The baptism of the Holy Spirit does not make you think of time or eternity— it is one amazing glorious now. “This is eternal life, that they may know You…” (John 17:3). Begin to know Him now, and never finish.
This is resounding reality of the Christian faith. We, as believers in Christ, have access, and direct relationship with the given power of the spirit, which IS "the reviving life" of "our ascended Lord". The death of Christ paid the price of sin and the resurrection of Christ defeated the cost of sin. "For the wages of sin is death, but the gift of God is eternal life in Christ Jesus our Lord" (Romans 6:23). We have been given life and life eternal as a gift. This, can be a complex monetary metaphor. First, there's the idea of death as our wages. That we should be paid death due to the labor of sin. Then, there's the idea that Christ paid the price for our sin. In other words, Christ took on the death that was due to us, and cashed the check with more than enough of a deposit limit, so that what we never had to bank those destructive wages.

It's probably easier to say that Christ paid the debt we incurred from our sin, but there's something interesting about the idea of thinking of death as wages...

Nonetheless, because of Christ, there is no balance due. Christ is risen and in him so ARE we who believe in him. We have this resurrected life at our grasps, right within the reach by "our own spiritual fitness."

Now while Chambers is talking about baptism, don't think of that as the action of symbolic physical baptism, but more like Holy Spirit entering in. "The word baptize can mean to dunk, submerge, or immerse. It can be used to describe  part of the process of pickling a vegetable" (Sacrament: ... "Remember Me"). To me this feels like a marinade. It's not a one time thing. It's not, dunk, move on you're good. Like soaking a cucumber in a brine or marinading a steak, it takes some time to make all that much difference. The idea of baptism, is a symbolic submergence in the reality of Good Friday and Easter Sunday. The act of physical baptism in one meaning symbolizes the joining in Christ's death and resurrection. Under the surface of the water with Christ in death, out of the surface again with Christ in new life. "We were therefore buried with him through baptism into death in order that, just as Christ was raised from the dead through the glory of the Father, we too may live a new life" (Romans 6:4) . This is completely valid. But remember also that John the Baptist baptized before Christ's death and resurrection. This was a baptism of purification and repentance. This is not a one time idea but the idea of turning and going the other direction and still going that way.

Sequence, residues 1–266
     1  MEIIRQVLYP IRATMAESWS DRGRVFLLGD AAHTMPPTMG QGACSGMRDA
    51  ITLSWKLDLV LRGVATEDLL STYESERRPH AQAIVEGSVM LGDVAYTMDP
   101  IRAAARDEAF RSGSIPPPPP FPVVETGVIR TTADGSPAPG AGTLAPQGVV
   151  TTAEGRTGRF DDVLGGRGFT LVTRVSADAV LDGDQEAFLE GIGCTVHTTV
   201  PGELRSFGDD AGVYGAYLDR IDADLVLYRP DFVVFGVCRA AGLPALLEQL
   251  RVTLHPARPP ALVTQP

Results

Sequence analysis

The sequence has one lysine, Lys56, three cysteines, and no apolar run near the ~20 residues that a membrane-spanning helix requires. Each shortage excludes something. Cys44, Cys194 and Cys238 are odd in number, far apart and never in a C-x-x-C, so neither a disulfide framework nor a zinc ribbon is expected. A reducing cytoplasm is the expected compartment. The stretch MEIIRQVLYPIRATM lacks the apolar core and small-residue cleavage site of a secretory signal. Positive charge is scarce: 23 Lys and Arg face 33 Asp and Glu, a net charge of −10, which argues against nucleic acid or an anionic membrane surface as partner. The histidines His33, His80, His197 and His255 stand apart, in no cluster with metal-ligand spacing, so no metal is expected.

The action of this is to symbolize a continual action, or reality to live in. Repentance is a u-turn, not a flipped switch. Spirit baptism is constant marinade. This is the point Os Chambers makes when he says "the receiving and welcoming the Holy Spirit into our lives is to be the continual attitude of a believer."

This is a relationship with the eternal-life giver. This is the access to the power that rose Jesus from the dead. This IS eternal life.

The ordinary extraordinary life of the Fruitful Christian is that the Kingdom may not be here but it is at hand. It is within reach. The power is in us and we can live in that reality. The ordinary extraordinary life is life in right relationship with God due to His coming down into our reality.

Faith in God is faith with relationship AND with real power promised. This is the mind-blowing gospel of Jesus Christ, that we we attach to the vine we are given the eternal life force of our creator. This is the transcendent element. Faith in Christ, continually seeking out that relationship, though the power of the resurrection and the given spirit, IS eternal life. "Begin to know Him now, and never finish."